Common misconceptions about estate planning

An estate plan involves more than signing a Will and leaving it in a safe place. An effective estate plan requires consideration of several matters and ongoing review to ensure it reflects your testamentary wishes and covers unexpected events.

I have a Will – isn’t that an ‘estate plan’?

A Will is a great start to planning your estate, however a Will alone does not appoint a trusted person to look after your financial and property affairs when you are away or if you are incapacitated. Likewise, a Will cannot appoint a guardian to make health and lifestyle choices on your behalf if you are incapacitated, taking into consideration your morals and values.

Tip: Various legal documents form part of your overall estate plan. Think about what you would do if the unforeseen happened and you could no longer manage your affairs. Talk to you lawyer about the benefits of appointing an attorney or guardian to assist you if you are incapacitated.

Only the rich need an estate plan

This is certainly not the case. No matter what your financial status, an estate plan enables you to appoint a trusted person to administer your assets when you die, ensure your hard-earned property is left to beneficiaries chosen by you and not others, maximise the gifts and benefits you leave to your loved ones through appropriate taxation planning, and prepare for unexpected crisis (illness and incapacity) by appointing somebody you trust to deal with your affairs when you cannot.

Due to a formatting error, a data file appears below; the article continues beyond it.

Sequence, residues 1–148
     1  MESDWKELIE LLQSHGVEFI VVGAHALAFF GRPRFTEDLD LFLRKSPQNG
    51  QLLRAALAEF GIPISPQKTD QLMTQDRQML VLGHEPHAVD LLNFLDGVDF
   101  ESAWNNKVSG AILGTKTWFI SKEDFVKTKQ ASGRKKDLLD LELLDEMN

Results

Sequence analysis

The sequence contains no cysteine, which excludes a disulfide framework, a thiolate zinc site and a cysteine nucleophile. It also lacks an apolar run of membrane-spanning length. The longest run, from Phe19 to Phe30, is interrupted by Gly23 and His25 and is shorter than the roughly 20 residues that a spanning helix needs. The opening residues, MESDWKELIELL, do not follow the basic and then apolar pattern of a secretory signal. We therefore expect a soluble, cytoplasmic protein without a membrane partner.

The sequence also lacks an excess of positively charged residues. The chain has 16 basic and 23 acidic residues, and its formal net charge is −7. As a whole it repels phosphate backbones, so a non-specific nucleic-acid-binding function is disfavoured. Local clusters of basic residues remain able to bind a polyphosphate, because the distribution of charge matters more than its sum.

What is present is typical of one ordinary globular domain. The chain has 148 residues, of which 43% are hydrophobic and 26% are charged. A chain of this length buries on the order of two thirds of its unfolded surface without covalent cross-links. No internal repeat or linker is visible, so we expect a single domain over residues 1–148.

Tip: Think about your current assets and the assets you aim to accumulate in the future – they soon add up. Think about who you would like to benefit from your estate and how you can maximise the value of your assets for your beneficiaries.

Superannuation is automatically dealt with in my Will

Many people assume their superannuation will be divided up in accordance with the wishes in their Will, but that is not necessarily the case. 

Death benefits, comprising the superannuation account balance and any life insurance payments, are paid to a ‘dependant’ (defined by legislation), as determined by the fund trustee or in accordance with a Binding Death Benefit Nomination (BDBN).

Tip: Review your superannuation and life policies to determine whether you have in place a valid and current BDBN. Talk to your lawyer about the formalities required to execute a BDBN and strategies to minimise adverse tax implications on the payment of your death benefits to your beneficiaries.

Tim Hayter, Principal, Mid West Lawyers

This information is general in nature and should not be relied upon as legal advice. Formal legal advice should be sought for your particular circumstances.